Non-autoimmune prone CBA mice were compared with autoimmune prone NZB, NZW, and (NZB × NZW)F1 mice for the ability of their splenic cells to produce anti-ssDNA-forming cells spontaneously in vitro, measured in the plaque forming cell assay. The number of antibody forming cells was measured and the relative avidity of antibody produced determined using a plaque inhibition assay. Splenic lymphocytes from young animals of a non-autoimmune strain (CBAIJ) were shown to be capable of generating anti-ssDNA IgM antibody-forming cells in culture which displayed a higher avidity for antigen than that from autoimmune-prone or frankly autoimmune mice. Since an increased switching from IgM to IgG autoantibody production and defects in Fc-mediated signalling by IgG antibody have been identified in autoimmunity, we suggest that the metabolic block, normally in force in non-autoimmune-prone animals, accounts for this elevated avidity of IgM autoantibody.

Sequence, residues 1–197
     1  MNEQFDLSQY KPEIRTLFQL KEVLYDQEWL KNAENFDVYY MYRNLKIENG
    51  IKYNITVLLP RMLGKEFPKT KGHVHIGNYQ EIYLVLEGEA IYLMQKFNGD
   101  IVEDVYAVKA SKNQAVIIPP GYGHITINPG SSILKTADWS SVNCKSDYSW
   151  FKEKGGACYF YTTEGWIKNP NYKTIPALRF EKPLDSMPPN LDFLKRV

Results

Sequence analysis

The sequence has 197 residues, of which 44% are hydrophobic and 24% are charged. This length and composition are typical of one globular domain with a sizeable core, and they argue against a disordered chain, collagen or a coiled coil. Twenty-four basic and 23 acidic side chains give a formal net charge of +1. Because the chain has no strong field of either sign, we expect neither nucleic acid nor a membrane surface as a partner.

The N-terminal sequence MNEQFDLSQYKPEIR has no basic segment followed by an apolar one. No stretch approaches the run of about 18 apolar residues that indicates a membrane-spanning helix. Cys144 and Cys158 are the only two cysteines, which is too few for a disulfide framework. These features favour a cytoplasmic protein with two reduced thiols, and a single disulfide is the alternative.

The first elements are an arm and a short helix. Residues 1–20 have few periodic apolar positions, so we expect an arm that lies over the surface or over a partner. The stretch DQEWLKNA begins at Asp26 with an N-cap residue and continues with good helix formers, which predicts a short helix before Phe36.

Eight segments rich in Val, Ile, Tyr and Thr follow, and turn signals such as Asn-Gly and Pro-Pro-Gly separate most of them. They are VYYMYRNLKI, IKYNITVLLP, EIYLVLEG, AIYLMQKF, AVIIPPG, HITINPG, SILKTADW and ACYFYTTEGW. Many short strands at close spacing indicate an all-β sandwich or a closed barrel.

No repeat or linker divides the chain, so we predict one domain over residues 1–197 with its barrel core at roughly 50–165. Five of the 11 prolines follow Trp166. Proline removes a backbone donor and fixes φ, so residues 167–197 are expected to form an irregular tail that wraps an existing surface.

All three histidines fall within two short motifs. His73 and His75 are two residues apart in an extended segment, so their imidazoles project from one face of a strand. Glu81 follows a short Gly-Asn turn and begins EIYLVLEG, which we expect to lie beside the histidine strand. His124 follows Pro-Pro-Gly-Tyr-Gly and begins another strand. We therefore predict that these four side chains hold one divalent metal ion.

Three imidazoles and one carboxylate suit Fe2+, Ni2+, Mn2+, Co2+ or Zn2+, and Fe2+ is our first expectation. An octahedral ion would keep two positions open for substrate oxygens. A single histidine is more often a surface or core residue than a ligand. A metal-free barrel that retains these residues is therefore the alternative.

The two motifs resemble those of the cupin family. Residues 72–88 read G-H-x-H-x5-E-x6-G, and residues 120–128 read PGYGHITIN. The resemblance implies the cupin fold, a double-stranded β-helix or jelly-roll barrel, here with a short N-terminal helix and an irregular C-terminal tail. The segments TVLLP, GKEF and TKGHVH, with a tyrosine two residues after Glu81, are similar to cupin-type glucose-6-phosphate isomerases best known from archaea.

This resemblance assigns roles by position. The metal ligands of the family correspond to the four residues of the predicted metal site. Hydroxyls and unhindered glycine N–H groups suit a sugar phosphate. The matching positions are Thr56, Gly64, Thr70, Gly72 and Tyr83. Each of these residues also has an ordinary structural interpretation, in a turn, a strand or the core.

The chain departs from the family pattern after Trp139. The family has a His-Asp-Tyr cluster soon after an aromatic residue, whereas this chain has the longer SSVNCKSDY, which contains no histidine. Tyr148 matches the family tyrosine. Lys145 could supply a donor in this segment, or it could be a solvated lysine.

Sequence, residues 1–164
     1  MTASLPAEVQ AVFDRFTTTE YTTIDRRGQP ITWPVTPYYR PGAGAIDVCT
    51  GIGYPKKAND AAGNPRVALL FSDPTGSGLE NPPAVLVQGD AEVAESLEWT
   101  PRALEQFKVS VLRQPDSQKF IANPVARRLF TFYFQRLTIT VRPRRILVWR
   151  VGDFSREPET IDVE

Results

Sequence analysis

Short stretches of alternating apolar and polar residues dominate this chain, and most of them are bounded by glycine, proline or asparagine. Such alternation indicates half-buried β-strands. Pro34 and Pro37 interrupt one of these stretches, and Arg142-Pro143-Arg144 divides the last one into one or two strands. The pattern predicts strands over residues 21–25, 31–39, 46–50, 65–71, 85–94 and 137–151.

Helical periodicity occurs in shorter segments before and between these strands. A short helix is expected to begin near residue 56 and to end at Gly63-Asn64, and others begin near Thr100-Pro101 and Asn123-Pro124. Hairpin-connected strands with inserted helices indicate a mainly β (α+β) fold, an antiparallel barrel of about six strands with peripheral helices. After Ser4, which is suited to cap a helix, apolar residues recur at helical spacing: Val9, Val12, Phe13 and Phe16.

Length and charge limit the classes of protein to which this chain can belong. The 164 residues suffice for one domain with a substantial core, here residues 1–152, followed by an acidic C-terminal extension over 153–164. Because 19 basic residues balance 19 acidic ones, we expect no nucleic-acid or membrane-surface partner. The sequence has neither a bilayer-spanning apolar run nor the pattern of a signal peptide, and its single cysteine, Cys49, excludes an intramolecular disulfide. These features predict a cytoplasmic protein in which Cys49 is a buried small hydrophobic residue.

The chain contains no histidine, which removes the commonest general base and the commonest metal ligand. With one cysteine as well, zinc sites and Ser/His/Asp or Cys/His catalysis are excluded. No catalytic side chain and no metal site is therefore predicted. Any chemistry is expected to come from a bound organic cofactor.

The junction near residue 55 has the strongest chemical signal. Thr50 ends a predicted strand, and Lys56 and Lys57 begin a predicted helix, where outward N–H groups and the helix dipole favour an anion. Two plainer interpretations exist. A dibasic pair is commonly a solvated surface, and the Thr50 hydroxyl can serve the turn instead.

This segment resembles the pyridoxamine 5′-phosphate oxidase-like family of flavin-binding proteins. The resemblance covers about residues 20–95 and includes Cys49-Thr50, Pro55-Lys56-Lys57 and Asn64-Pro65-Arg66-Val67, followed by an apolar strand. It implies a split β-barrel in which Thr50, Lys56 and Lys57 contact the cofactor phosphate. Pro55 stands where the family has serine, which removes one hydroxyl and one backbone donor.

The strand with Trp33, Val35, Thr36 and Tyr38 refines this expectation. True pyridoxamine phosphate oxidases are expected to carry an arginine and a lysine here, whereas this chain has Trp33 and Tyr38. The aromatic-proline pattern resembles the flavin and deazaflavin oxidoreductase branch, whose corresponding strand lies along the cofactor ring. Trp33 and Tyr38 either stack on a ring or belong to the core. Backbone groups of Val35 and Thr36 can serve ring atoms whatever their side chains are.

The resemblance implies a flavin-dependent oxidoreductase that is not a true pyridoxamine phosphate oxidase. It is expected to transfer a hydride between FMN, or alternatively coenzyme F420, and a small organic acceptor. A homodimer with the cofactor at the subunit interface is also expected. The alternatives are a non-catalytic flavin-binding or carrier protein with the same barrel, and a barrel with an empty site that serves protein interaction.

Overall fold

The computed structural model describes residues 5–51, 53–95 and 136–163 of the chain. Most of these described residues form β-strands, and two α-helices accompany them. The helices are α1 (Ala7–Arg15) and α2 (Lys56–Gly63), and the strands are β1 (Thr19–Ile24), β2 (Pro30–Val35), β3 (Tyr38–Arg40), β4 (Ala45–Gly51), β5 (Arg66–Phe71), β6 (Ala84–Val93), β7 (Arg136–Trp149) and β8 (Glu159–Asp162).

- End product feedback
- Regulation by Fc signals
- Regulation of antibody responses
- Self-non-self discrimination